But in all seriousness it was actually a really incredible experience.  Willie Faroughli spends almost the entire play onstage playing a pinball game, and Elsie Mandelspiegel has one love scene right in the middle of the play.  So I got to go from this young, driven, focused, ambitious, determined guy with nothing better to do in Depression America than conquer a marble game, to this extremely sensitive, feminine, nurturing, compassionate young woman who sees the tragedy of the Depression.  The experience of going from this incredibly masculine, prideful outlook on life to an incredibly feminine, gentle outlook on life and then back again was actually kind of life-changing.  It was an incredible reminder of why I love acting so much.  The opportunity to explore all these parts of yourself and all these viewpoints on the world.  The opportunity to be explore the masculine and the feminine.  The opportunity to breath life into a character and allow their story to live.  The opportunity to enter a state of communion with the audience and with the other actors.  The opportunity to channel your own ego through the ego of another.  It’s so fucking fun.  By the time we were done with the show I felt like I was ready to do a six month run of it.  But, as my Britt has said, these things are transient, which is part of what makes them beautiful.  

My station backstage.  Starring The Big Dick which my friend lent me as inspiration.  (Don't look at me like that, 3 of these Dicks were juggled onstage in an MFA show last year.)

My station backstage. Starring The Big Dick which my friend lent me as inspiration. (Don’t look at me like that, 3 of these Dicks were juggled onstage in an MFA show last year.)

There are other worlds that I am bidding farewell to now that the semester is winding down.  I’m saying Goodbye to the life of a desperate housewife in Depression America in our black-box studio work on Clifford Odets’ Waiting for Lefty.  I’m saying farewell to Hedda Gabler, Pussy Riot, a Bakersfield Bimbo, and other characters from our work in movement class.  I’m saying See You Later to Chekhov, until tackling that son-of-a-bitch again next semester.  I’m going to miss our film class with the inimitable John Rubinstein,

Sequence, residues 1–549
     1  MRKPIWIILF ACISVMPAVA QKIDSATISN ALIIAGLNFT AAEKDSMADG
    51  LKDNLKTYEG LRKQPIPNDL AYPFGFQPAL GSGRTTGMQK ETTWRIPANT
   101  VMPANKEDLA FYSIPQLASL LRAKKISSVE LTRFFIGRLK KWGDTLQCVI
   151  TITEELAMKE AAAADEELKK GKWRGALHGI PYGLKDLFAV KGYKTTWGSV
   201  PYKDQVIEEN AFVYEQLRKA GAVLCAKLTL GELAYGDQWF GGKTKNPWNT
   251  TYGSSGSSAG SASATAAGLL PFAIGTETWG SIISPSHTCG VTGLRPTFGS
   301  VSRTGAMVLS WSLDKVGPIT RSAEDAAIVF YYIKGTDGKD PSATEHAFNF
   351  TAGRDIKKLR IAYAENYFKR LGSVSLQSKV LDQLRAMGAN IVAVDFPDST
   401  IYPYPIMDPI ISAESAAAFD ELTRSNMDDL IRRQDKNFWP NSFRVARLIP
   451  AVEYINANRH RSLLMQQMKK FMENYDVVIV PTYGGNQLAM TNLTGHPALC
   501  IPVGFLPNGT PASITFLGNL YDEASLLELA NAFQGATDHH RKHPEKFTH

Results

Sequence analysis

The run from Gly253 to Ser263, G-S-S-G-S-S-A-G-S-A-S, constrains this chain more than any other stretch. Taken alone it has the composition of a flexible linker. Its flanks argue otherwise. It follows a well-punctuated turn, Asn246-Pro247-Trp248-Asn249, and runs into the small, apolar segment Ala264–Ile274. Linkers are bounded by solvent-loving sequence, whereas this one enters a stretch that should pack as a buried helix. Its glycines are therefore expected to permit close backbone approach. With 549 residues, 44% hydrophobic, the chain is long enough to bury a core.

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Kim Flores, Sedale Threatt, and Michael Bernardi on set for “Revolutionary Road”

I live in Los Angeles, I’m a Master’s Acting student, and I know next to nothing about film.  But I’m working on it! Stage and Screen are two different mediums for the same kind of transformative acting that I’m interested in doing, and the differences between the two are just technical things.  The art form is different, and I’m developing a real itch for it.  My body understands live storytelling, and I want to understanding storytelling through film in the same way.  We are taking two more film classes next semester, so the exploration will continue!

Speaking of transformative, I think the most transformative acting experience of this semester was actually the doing my Solo Performance piece.  Despite the number of roles I’ve explored in the last few months, the experience of going deeper into myself, finding my own story, determining the story that I needed to tell… That experience was life-changing.  And despite it being a “solo performance” experience, it bound together my ensemble irrevocably. We shared pieces of our souls and helped each other shape them into pieces of art, and we culminated in a 90-minute performance during which each of us shared a piece of our solo work.  

But enough about art!  I am on VACATION.  (Which apparently means drinking a lot of booze and thinking about the art that I want to be making.)  In the meantime I am going to figure out how to make gluten-free baked goods, enjoy sweating like a construction worker in December, and kick it with these crazies. 

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Dean, Suzzane, Britt, Dani, and Napoleon.  A Very Ke$ha Christmas 2013